But Ryan also claims to be a good Catholic, so now he’s trying to make that work too. Like Peter denying Jesus, Ryan now calls his Randism “an urban legend“. But that trick is hard to pull off in the Age of Google, when everything you’ve been saying for years is easily retrievable. You know who started that urban legend? Paul Ryan.
Unfortunately for Ryan’s attempt to wash his budget in the blood of the lamb, popes have been handing down bleeding-sacred-heart encyclicals on economic policy since Rerum Novarum in 1891. (You can get the general flavor from this week’s Sift quote or my article on John Paul II’s Laborem Exercens.) Worse, the Church has actual experts who keep track of these things, so you can’t just cherry-pick the Catholic tradition for out-of-context quotes and expect nobody to call you on it.
Ninety members of the Georgetown faculty called Paul Ryan on it:
we would be remiss in our duty to you and our students if we did not challenge your continuing misuse of Catholic teaching to defend a budget plan that decimates food programs for struggling families, radically weakens protections for the elderly and sick, and gives more tax breaks to the wealthiest few. … In short, your budget appears to reflect the values of your favorite philosopher, Ayn Rand, rather than the Gospel of Jesus Christ.
The particular doctrine Ryan misuses is called “subsidiarity” (first enunciated in Rerum Novarum). As theologian Meghan Clark explains it:
According to the principle of subsidiarity, decisions should be made at the lowest level possible and the highest level necessary.
And BeliefNet editor David Gibson elaborates:
[Subsidiarity] argues that lower levels of society (individuals, families, communities) should be allowed to carry out social functions that they can fulfill and larger society (state and federal governments), meanwhile, should provide help (“subsidium,” is the formal Latin term) to cover things the smaller units cannot. … If Washington has to do it, so be it; if Mayberry can do it, all the better. But if Mayberry can’t, then Washington has an obligation to step in.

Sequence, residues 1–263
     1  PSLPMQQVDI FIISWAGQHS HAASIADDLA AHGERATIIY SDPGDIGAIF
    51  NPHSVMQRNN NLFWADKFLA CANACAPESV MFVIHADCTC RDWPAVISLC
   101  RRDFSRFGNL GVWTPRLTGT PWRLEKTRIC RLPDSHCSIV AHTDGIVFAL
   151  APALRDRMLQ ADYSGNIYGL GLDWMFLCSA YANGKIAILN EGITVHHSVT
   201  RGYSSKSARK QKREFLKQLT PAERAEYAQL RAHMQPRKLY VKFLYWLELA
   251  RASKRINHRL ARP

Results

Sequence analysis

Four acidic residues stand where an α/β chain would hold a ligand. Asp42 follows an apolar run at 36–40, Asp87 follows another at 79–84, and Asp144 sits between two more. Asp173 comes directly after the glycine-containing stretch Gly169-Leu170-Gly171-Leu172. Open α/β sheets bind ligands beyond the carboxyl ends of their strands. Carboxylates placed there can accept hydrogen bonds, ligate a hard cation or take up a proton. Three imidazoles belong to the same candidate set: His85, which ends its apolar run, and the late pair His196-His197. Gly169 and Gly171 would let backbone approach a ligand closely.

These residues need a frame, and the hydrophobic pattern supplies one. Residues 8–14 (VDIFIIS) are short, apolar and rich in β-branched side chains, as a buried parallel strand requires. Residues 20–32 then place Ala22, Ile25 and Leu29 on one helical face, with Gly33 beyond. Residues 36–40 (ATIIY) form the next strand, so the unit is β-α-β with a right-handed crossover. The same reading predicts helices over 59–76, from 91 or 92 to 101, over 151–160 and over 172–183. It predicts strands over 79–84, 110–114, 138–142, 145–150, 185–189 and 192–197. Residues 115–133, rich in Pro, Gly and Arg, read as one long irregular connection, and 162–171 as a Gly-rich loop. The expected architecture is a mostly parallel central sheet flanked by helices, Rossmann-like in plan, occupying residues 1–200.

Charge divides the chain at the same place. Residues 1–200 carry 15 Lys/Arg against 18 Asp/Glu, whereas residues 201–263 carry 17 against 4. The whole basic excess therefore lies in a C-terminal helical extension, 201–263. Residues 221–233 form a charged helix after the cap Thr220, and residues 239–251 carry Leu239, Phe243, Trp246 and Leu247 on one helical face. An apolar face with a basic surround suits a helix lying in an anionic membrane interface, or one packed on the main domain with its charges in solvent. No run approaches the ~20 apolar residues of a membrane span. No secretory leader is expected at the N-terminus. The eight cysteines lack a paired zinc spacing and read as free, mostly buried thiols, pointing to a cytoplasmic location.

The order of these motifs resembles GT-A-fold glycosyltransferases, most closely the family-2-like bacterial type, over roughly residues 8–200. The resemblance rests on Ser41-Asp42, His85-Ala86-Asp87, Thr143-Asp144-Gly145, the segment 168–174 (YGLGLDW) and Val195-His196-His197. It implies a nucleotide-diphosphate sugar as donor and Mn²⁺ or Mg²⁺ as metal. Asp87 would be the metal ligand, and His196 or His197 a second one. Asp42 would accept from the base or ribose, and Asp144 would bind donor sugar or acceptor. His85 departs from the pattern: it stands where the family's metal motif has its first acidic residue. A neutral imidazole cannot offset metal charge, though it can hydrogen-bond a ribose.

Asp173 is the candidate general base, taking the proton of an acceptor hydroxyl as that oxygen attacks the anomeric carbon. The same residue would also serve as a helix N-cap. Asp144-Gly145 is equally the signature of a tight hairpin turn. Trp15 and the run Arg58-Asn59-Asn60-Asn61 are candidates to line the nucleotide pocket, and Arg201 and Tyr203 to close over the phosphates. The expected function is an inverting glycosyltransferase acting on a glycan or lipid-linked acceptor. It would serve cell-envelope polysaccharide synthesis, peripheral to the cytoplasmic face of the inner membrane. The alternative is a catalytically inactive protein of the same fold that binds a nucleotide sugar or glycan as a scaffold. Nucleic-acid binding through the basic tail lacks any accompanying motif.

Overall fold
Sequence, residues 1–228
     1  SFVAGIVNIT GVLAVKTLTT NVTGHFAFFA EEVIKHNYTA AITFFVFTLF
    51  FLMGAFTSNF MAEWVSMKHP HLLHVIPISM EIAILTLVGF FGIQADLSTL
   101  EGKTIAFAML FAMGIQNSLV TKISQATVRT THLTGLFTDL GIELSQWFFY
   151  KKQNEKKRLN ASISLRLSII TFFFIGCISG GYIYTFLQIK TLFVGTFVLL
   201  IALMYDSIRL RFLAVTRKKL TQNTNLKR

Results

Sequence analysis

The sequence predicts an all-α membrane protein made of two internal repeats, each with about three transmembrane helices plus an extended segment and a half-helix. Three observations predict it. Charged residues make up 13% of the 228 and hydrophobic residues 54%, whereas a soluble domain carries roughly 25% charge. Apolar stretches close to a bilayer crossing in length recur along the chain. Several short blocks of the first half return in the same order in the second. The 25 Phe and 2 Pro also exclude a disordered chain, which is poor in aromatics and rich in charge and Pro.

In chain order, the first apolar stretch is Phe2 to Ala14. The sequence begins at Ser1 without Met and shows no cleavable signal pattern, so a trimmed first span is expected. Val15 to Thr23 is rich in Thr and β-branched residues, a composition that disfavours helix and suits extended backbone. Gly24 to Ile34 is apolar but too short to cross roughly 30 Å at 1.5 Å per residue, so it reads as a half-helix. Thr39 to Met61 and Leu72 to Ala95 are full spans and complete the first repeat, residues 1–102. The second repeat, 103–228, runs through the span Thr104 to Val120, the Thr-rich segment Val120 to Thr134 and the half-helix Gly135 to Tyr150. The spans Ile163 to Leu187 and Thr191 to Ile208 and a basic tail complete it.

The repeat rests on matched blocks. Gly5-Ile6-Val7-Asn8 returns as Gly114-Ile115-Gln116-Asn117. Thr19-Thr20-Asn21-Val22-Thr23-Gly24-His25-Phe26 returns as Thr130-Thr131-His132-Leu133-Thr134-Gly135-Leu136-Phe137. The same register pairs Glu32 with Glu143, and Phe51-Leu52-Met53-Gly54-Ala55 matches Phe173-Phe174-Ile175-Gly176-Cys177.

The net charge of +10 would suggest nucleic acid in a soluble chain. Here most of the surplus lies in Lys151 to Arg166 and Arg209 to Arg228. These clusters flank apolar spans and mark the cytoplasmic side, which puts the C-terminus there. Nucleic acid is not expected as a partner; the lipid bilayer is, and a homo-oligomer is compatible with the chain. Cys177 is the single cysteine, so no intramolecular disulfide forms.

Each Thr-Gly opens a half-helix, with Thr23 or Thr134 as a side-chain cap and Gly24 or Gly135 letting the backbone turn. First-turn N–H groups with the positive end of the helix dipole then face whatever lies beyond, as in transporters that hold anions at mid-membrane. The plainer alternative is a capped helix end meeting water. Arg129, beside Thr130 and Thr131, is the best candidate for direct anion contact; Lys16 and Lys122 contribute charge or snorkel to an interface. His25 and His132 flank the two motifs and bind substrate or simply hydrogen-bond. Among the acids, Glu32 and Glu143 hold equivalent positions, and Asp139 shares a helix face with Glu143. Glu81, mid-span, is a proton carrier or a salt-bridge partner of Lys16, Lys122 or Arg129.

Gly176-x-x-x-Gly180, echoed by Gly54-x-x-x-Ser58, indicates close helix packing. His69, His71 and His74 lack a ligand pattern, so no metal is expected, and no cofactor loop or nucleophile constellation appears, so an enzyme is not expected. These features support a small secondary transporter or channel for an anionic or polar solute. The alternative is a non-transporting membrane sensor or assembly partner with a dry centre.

Conservative policy genuinely based on subsidiarity would work upward from below: As local churches, charities and neighborhood organizations developed plans and raised resources to care for the poor and helpless, local governments could re-purpose their resources on services that the state now provides. States could similarly replace federal programs, and the federal government would shrink because there was less for it to do.
None of that is actually happening in any significant way. Instead, conservatives at all levels cut programs and taxes, using the excuse that problems would be better handled further down the chain. But down-the-chain conservatives are not reaching up to take the responsibilities that up-the-chain conservatives are dropping.
I could sympathize with, say, Ryan’s desire to cut federal services for the poor in his district if conservative Governor Scott Walker were eager to expand Wisconsin’s state programs to take up the slack (and raise state taxes to pay for them) as subsidiarity demands.
But is he? I don’t think so.
If elected at all levels, conservative officials from the president to the councilman would shrug and let responsibility for the poor drop like a stone. That’s not subsidiarity, and it’s not Catholic or any other kind of Christian.
Francisco d’Anconia, though, could probably give a great speech about it.